By Stacey Egger
For almost 140 years, The Lutheran Witness (LW) has served the church and proclaimed the Gospel by publishing theological essays and reflections that interpret “the contemporary world from a Lutheran perspective.”
Now, LW seeks to continue this mission by refreshing and expanding its web presence. In July, LW Managing Editor Rev. Roy Askins announced an updated LW website: witness.lcms.org.
Online LW content was previously housed at the Reporter site, where it was less visible and harder to find. Now, with its own domain name, the refreshed LW site is more user-friendly and accessible.
“Updating the old Lutheran Witness site to give it its own domain name is an opportunity to get the word out there about what The Lutheran Witness is and what it does. The Lutheran Witness has been teaching Lutherans for 140 years. Now we are expanding the opportunities to teach online as well,” said Askins.
The updated site will continue to provide all the same content that was housed under the old domain name:
- Print content from each month’s issue, including the Synod president’s letter, the editor’s letter and table of contents, and one featured article.
- Online-exclusive content, including monthly articles from a team of regular Lutheran authors, such as former LW editor Rachel Bomberger, Dr. Gene Veith, the Rev. William Weedon and the Rev. Dr. John Pless.
In addition, the refreshed site will provide two new types of content:
- Article series written by Lutheran pastors, theologians or laypeople, released in installments. The first two series will be on the intersection of faith and technology (by the Rev. Trevor Sutton) and seeing world problems in light of God’s Word (by the Rev. Dr. Adam Koontz).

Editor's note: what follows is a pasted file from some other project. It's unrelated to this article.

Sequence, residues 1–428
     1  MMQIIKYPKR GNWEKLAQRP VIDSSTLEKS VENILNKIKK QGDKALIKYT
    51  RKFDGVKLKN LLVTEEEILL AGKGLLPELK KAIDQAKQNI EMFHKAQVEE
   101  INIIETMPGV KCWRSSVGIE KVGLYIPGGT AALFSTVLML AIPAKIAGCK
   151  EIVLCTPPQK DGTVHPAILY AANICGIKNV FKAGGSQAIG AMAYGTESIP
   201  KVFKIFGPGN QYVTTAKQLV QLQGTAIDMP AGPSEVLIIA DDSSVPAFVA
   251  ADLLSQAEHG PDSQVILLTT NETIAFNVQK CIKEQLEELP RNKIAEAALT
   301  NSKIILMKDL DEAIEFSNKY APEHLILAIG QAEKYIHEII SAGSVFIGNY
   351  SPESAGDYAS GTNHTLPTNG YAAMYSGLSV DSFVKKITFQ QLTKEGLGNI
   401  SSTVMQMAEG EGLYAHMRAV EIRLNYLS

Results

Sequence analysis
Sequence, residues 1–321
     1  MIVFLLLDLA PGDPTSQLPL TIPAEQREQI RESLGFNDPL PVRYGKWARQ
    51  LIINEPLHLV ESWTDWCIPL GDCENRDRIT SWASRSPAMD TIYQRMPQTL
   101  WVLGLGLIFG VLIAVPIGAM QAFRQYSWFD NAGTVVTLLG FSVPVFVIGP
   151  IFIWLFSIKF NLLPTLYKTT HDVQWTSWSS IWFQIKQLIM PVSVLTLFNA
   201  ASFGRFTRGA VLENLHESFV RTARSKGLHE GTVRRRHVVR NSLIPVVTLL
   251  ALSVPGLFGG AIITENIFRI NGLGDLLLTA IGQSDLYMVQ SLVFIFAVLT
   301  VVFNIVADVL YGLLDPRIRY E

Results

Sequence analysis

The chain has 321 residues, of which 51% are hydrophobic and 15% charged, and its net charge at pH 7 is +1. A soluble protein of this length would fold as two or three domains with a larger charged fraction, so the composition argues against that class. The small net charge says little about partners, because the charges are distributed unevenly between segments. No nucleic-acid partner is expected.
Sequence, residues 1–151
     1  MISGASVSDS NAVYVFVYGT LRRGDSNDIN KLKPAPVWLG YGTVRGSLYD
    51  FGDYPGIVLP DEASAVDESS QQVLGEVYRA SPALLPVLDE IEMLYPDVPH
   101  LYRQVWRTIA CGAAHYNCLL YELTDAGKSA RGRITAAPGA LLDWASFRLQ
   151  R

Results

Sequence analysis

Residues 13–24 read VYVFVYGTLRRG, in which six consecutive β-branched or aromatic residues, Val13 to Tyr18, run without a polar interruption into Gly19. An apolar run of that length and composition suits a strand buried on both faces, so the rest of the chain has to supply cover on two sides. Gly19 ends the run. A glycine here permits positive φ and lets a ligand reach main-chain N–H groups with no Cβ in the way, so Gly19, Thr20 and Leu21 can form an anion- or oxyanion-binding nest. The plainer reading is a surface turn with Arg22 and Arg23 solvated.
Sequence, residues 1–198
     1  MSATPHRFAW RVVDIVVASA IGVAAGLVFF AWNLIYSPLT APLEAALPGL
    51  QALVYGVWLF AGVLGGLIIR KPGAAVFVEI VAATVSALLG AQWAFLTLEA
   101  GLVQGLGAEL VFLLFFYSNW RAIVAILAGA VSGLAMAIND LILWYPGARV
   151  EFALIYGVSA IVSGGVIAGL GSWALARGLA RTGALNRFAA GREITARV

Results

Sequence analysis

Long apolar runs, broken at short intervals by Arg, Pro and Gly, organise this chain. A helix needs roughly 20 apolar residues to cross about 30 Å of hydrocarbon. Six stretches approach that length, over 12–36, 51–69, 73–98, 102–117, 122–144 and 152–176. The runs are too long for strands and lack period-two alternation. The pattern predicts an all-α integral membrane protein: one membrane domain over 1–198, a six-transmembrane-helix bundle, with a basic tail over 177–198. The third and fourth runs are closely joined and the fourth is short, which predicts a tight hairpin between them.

- A new LW podcast with recordings of each article published on the website, including the print features. The podcast is available on the site, as well as on iTunes, Spotify, Stitcher and other podcast platforms.
Askins also hopes to make more of LW’s century-and-a-half of content available on the site in the future.
“The Lutheran Witness has been around since 1882. It is one of the longest-published magazines in the history of the U.S. And a lot of this content continues to be relevant today,” said Askins.
“We’ve got some hopes, down the road, to make a lot of that available online. What a great resource it would be for the church.”
Askins offered a few more ways for readers to keep up and get involved with LW:
- Subscribe to the monthly email newsletter, featuring the most popular posts from the preceding month, at witness.lcms.org/subscribe.
- Follow The Lutheran Witness on Facebook and Twitter to be alerted to new content as it is posted.
- Submit an article for publication, on one of LW’s upcoming themes, in print or online. See witness.lcms.org/contribute.
Posted Aug. 11, 2020